I stood watching little children play in one of those indoor playgrounds with obstacle courses worthy of the military. The kids squealed with delight at climbing over and under, swinging from ropes and jumping over barricades. One little girl was lording it over them all. She cut the lines with a smirk, going from play equipment to play equipment, never waiting her turn. The fascinating thing is that she developed a small entourage. A few children followed her lead, hanging out with her and thereby getting to cut in line too. They recognized in her some power and they wanted in.
We do that as adults too. We seek after power. Initially we work to pay for shelter and food but once that is taken care of, we seek power. Power helps us cut the line, get what we want, makes our life easier and others beholden to us. We snub or we use those with less power than we have and we seek to be close to those who have more power than us, hoping that some of theirs may rub off on us.
Proximity to power is a goal that can lead to ruin.
It sets us on a path that is circular; offering just enough hope that each bend will lead us to the next level where we will find enough power to stay ahead of the pack. The reality is that the desire for power (its’ form takes many shapes) is a path on which we endlessly strive but never arrive. Power is a false god, a torturous god whose goal is to lead us away from the truth.
Jesus, the very personification of Omnipotence, both shows and tells us the truth about power.
God with us, Immanuel, chose to be with us in the most humble of ways. He could have been with us from a palace, from the home of a tech billionaire or from high office. Instead, he avoided the privilege of the powerful and became Immanuel within a poor family from a nowhere village. He did not seek the power this world has to offer. His coming, including the way he chose for his coming, compels us to reconsider the assumptions about how the world is organized. The power of first, of most, of biggest is more suited to Herod in his palace than Jesus in his manger.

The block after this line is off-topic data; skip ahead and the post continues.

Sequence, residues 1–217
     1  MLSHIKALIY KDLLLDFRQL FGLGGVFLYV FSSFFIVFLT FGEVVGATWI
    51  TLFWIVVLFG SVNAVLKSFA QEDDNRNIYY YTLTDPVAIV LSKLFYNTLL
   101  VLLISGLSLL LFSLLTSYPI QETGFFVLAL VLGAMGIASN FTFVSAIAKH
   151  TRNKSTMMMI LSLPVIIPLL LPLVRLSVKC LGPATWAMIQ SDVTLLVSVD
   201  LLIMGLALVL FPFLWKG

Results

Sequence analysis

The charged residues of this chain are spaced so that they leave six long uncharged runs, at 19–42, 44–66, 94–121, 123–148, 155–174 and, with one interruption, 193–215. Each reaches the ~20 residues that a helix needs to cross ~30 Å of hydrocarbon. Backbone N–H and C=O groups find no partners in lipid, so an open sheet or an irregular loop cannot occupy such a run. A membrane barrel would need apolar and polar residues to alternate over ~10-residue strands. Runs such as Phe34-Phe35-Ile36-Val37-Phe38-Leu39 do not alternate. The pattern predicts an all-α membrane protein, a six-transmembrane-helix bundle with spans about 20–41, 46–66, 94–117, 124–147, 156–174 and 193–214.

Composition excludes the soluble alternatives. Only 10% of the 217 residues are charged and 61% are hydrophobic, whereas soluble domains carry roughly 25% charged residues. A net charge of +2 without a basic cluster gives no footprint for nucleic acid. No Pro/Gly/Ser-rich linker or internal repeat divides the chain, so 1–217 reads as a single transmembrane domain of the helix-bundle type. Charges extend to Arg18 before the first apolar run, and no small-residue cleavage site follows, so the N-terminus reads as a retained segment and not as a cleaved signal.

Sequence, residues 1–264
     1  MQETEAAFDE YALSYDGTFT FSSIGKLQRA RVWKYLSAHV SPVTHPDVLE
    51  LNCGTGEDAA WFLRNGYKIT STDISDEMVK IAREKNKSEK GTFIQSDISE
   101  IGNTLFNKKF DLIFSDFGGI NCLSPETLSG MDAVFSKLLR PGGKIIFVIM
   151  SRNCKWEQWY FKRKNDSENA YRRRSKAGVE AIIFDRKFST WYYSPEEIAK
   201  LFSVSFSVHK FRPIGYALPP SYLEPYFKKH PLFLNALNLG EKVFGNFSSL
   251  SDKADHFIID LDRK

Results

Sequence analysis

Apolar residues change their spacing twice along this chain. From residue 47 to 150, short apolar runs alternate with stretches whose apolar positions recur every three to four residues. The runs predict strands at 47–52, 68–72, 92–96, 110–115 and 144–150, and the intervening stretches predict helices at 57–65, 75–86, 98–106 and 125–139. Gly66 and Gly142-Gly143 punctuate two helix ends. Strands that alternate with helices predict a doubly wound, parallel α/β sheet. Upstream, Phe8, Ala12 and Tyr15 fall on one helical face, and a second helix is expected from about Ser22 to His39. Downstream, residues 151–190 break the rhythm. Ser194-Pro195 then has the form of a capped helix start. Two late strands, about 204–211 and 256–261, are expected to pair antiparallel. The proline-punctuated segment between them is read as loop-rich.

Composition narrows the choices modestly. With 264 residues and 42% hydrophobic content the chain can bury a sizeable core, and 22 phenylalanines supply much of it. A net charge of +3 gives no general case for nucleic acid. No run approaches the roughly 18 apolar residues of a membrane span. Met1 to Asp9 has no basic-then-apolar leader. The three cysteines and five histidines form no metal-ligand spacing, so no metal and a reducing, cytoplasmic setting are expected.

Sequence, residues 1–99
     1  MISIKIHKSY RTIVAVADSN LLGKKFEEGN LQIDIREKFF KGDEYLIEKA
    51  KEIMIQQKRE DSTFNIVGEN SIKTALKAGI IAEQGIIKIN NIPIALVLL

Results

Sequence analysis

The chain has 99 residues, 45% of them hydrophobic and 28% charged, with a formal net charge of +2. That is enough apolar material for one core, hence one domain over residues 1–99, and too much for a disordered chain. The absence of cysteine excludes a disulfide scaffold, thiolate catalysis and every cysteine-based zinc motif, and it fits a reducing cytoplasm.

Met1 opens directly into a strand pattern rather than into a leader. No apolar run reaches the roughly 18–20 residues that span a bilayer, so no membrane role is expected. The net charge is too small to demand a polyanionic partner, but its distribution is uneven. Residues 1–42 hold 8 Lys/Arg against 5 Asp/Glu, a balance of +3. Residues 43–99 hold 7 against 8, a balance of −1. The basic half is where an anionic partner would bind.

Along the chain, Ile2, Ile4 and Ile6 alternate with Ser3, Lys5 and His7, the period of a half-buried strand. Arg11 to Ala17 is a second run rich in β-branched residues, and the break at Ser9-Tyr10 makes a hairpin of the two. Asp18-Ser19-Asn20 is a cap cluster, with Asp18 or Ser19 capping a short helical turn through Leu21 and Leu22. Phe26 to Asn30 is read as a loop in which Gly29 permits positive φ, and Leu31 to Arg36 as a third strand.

The mother of two sons wanted her boys to be at the center of power. She asked Jesus to put them on each side of him, to rule with him when his kingdom comes. His other disciples, when they heard of this, were outraged because they too wanted proximity to power. We know how Jesus responded.
He gathered his disciples close to him and he spoke to them about the false god of power. He spoke of the way power is used to lord it over others, how power is used to manipulate people – ensuring that others submit to the powerbroker’s way of doing things. To this, Jesus spoke strong words.
Not so among you!
Instead, he said, use any power you have to serve others. If you’re going to fight over the right to be great then find that greatness in serving others. If you have any power, use it to make their lives easier. Relieve their burdens.
Any time we use what power we have accumulated or what power has been bestowed on us to manipulate others, we are following the false god of power. Every time we compare ourselves to others and find ourselves either ahead or lacking, we are following the false god of power. Let us beware of this all-consuming false god.
Any time we use what power we have to relieve someone of a burden, to make their task easier, to serve them in some way, we are following the True Power – the All Mighty who laid down his power in order to take up our burden.
As the New Year approaches, I ask that each one of us examine what power we have. Truly examine it. Quantify it. Understand it.
Then, when you understand your power – however large or small – I have one request to ask of you.
Would you, this New Year, resolve to use your power to make one person’s burden lighter as the year begins? Stop. Think. How and for whom can you do this? Let the power of Love lead the way.
“Therefore, as we have opportunity, let us do good to all people, especially to those who belong to the family of believers.” Galatians 6:10